Demonstrate the laughably simple and extrapolate to the hideously complex.

Avida evolves a CISC instruction from RISC instructions and claims this proves that a bacteria can acquire a flagellum bit by bit. NDE shows that finch beaks can vary in size, moth wings vary in color, through RM+NS, then claim this proves that bacteria can gradually change into baboons.

It is absolutely safe to say that, if you meet somebody who claims to believe these glib extrapolations, that person is ignorant, stupid or insane (or wicked, but I'd rather not consider that). :lol:

[Cut to the chase: Everything hinges on the words in boldface below.] Hello Eric: I'm glad that you had the opportunity to respond to the discussion of your writings that transpired on this blog. I had read "Bits, Bytes, and Biology" sometime in 2005; if I had spotted any glaring errors at that time I didn't remember doing so. But since Valerie had raised questions about it, I began to re-read it. I saw footnote 6:
As used in this essay “irreducible complexity” matches the irreducible complexity initially proposed by Behe and refined by Dembski, meaning that there is no cumulative pathway to such complexity. I have shown in my article “Irreducible Complexity Reduced: An Integrated Approach to the Complexity Space,” (see www.evolutiondebate.info) that this is not a logical requirement of the concept of irreducible complexity, and I term Behe’s and Dembski’s approach “per se irreducible complexity.” Avida targets this per se irreducible complexity, and it is sufficient for our present purposes.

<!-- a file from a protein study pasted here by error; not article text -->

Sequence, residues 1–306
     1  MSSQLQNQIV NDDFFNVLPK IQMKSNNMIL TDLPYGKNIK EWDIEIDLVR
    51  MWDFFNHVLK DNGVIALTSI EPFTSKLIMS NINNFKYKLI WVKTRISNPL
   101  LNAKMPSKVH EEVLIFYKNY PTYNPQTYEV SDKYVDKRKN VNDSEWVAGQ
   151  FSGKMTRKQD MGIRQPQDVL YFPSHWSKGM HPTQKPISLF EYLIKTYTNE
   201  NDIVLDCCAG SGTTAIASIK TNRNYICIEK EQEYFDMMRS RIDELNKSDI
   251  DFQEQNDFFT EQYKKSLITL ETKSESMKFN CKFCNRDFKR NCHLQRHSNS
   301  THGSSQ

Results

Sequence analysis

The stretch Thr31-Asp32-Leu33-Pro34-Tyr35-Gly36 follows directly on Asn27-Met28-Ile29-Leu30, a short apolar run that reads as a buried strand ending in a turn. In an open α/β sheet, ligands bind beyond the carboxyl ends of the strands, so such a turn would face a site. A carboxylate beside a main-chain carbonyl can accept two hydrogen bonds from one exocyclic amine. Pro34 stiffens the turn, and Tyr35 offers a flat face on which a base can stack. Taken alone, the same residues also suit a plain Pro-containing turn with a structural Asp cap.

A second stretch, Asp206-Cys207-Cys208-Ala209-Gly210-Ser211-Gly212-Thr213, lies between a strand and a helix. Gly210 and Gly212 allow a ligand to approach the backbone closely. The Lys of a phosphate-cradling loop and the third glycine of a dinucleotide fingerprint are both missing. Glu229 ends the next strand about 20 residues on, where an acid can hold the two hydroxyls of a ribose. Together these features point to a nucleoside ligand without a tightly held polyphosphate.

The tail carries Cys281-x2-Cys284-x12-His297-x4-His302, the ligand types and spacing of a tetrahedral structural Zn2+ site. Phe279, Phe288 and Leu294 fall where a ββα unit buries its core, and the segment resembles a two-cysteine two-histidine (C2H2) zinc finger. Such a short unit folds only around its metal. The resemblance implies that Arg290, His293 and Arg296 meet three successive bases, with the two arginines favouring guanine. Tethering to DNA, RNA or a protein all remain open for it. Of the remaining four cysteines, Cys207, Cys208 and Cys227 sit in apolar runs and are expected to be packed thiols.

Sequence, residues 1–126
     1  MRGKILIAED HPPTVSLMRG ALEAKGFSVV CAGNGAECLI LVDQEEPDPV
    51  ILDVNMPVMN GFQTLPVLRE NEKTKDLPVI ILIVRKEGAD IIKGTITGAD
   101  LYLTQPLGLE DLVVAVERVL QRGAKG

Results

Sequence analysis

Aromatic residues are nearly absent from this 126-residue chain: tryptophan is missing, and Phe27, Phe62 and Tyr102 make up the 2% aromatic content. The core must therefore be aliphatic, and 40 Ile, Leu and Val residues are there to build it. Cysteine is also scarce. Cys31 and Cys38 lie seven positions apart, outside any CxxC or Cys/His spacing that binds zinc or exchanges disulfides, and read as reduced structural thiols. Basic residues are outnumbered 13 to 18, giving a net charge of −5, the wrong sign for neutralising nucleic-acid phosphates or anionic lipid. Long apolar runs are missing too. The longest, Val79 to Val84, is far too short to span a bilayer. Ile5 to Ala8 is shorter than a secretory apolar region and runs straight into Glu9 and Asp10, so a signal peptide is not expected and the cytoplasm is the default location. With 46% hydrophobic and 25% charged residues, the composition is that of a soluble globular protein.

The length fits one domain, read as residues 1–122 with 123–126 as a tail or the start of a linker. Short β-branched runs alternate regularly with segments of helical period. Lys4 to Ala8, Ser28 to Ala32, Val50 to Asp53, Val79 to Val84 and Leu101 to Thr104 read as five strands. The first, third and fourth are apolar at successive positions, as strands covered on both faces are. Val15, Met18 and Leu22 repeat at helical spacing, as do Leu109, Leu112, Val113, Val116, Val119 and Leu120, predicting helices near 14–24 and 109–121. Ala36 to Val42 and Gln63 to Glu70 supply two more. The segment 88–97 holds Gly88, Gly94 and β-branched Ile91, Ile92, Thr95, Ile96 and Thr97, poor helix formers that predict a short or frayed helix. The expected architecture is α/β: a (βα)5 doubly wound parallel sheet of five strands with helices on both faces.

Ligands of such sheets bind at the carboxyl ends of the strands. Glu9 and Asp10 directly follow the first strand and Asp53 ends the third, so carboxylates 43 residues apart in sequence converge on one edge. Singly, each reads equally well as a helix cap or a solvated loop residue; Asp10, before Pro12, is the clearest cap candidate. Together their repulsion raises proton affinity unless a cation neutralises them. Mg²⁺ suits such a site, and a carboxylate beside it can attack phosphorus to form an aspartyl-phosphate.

This seemed to indicate that you had a clear understanding of IC as Behe and Dembski use the term. (I assumed that when you said "no cumulative pathway," you meant "no known cumulative pathway.") I scanned the rest of the essay, and quickly posted my comment #27, consisting primarily of statements by Behe and Dembski on the subjects of the IC evolvability, and Avida/IC, respectively. (I did not read any of your essay "IC Reduced" at that time.) However, Valerie's reply in comment #28 caused me to re-read your essay more carefully, and when I did, I discovered the following:
Evolutionary Assumptions [of the Avida research in question]... 1. There is a cumulative pathway to complexity. ...if a program were written that had no possible cumulative pathway, then the writers of that program could be fairly accused of assuming up front that the complex feature was irreducibly complex. Thus, evolutionary algorithms seem to be between a rock and a hard spot: assume a cumulative pathway and then you are unable to challenge irreducible complexity; assume there is no cumulative pathway and then you are unable to support irreducible complexity.
This would seem to equate IC and unevolvability ("no possible cumulative pathway") -- the intermediate functions used in the Avida research were distinct from EQU. Then I read your definition of "cumulative complexity" in "IC Reduced":